Consolidating Automotive Real-Time Applications on Many-Core Platforms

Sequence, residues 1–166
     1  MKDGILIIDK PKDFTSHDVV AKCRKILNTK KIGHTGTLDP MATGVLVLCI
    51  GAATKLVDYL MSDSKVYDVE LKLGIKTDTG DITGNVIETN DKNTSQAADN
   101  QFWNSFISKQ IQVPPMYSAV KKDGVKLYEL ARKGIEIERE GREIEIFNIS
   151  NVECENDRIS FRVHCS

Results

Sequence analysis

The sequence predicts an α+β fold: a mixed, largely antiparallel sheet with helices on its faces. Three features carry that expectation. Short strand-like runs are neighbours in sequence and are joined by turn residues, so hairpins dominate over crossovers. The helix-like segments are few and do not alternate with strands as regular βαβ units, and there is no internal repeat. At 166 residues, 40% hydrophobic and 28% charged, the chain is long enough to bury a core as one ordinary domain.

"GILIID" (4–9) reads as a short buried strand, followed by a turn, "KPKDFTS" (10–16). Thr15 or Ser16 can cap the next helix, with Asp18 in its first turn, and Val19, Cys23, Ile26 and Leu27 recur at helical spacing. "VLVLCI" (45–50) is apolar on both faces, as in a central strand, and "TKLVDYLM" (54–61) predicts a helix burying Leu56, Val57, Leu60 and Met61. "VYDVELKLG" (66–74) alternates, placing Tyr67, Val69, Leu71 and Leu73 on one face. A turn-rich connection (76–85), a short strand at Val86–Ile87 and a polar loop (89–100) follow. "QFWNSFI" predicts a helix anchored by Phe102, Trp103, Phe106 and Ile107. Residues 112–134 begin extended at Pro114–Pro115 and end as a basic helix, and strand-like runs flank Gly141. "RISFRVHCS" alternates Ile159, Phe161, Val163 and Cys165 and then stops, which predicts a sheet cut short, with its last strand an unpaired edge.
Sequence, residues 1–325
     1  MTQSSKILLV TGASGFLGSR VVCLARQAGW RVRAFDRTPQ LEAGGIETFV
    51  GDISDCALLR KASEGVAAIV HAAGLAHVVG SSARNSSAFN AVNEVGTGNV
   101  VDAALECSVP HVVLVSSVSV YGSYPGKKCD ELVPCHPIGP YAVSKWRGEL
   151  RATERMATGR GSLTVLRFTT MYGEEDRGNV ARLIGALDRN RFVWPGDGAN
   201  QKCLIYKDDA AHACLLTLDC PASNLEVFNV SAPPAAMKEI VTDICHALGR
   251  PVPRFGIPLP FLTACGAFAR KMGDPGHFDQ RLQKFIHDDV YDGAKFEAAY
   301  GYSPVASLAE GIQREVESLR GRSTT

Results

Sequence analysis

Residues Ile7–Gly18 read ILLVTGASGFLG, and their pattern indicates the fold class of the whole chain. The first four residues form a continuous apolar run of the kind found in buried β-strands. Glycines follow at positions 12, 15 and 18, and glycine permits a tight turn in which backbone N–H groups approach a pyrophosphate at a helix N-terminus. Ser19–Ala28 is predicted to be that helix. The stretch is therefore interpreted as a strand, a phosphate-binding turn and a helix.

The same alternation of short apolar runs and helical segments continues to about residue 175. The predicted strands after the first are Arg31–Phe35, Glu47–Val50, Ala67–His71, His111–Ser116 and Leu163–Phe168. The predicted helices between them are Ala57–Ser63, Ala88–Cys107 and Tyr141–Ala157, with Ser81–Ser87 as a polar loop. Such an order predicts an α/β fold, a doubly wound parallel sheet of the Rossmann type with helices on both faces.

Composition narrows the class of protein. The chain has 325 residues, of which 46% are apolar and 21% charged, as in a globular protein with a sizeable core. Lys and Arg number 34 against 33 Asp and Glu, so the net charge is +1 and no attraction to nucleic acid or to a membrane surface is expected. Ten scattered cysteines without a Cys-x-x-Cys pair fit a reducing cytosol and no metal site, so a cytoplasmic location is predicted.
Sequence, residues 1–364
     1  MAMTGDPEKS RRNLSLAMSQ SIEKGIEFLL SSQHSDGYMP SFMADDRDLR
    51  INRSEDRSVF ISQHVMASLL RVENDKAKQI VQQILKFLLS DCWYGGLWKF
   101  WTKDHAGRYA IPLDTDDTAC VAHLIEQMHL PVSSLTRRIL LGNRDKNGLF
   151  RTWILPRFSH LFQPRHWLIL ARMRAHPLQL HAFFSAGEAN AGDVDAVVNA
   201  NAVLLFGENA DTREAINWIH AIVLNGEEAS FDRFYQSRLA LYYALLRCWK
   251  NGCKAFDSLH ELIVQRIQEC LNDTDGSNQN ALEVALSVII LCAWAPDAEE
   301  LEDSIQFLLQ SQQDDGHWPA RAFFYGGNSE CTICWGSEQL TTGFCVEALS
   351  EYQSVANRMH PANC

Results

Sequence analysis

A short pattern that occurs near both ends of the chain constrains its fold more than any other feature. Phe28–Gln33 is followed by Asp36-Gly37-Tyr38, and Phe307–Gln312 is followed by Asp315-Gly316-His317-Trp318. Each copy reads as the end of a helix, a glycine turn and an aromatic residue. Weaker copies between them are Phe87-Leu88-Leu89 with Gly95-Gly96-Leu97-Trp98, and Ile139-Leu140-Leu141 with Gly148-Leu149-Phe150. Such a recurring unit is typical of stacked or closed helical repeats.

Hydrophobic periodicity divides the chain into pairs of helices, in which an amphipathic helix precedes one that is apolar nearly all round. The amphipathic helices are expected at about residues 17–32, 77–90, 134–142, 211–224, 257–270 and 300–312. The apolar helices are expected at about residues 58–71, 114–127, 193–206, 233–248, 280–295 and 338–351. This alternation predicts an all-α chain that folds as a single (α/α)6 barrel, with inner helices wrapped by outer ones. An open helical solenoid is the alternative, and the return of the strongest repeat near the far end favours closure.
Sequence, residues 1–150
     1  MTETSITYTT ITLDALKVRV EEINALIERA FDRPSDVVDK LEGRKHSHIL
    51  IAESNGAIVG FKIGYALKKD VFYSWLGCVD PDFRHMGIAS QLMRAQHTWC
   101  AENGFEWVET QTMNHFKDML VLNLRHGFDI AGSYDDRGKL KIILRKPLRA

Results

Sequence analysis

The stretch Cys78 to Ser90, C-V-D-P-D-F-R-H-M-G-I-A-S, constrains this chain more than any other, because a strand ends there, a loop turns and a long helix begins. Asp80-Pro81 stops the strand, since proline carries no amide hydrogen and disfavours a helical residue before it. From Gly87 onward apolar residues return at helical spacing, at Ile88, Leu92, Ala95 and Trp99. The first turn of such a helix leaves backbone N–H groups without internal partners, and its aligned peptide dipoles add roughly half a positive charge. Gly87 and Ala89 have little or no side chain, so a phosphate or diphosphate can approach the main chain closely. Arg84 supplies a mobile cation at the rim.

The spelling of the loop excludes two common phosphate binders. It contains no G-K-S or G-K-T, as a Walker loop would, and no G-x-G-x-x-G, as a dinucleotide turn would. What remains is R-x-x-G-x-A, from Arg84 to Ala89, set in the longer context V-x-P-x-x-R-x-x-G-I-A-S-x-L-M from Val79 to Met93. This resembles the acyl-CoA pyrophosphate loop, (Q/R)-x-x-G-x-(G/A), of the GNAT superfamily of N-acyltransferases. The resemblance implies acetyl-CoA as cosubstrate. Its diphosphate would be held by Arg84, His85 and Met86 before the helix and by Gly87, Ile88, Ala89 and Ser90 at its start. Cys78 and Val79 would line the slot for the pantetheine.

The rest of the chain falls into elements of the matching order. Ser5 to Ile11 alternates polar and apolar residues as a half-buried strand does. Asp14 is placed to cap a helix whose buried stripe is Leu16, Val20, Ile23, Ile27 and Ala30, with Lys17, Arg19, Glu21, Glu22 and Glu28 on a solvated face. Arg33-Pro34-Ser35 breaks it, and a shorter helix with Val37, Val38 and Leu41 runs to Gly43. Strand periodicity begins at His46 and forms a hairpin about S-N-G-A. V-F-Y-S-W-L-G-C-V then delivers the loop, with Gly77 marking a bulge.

Abstract: Automotive systems have transitioned from basic transportation utilities to sophisticated systems. The rapid increase in functionality comes along with a steep increase in software complexity. This manifests itself in a surge of the number of functionalities as well as the complexity of existing functions. To cope with this transition, current trends shift away from today’s distributed architectures towards integrated architectures, where previously distributed functionality is consolidated on fewer, more powerful, computers. This can ease the integration process, reduce the hardware complexity, and ultimately save costs.One promising hardware platform for these powerful embedded computers is the many-core processor. A many-core processor hosts a vast number of compute cores, that are partitioned on tiles which are connected by a Network-on-Chip. These natural partitions can provide exclusive execution spaces for different applications, since most resources are not shared among them. Hence, natural building blocks towards temporally and spatially separated execution spaces exist as a result of the hardware architecture.Additionally to the traditional task local deadlines, automotive applications are often subject to timing constraints on the data propagation through a chain of semantically related tasks. Such requirements pose challenges to the system designer as they are only able to verify them after the system synthesis (i.e. very late in the design process).In this thesis, we present methods that transform complex timing constraints on the data propagation delay to precedence constraints between individual jobs. An execution framework for the cluster of the many-core is proposed that allows access to cluster external memory while it avoids contention on shared resources by design. A partitioning and configuration of the Network-on-Chip provides isolation between the different applications and reduces the access time from the clusters to external memory. Moreover, methods that facilitate the verification of data propagation delays in each development step are provided.
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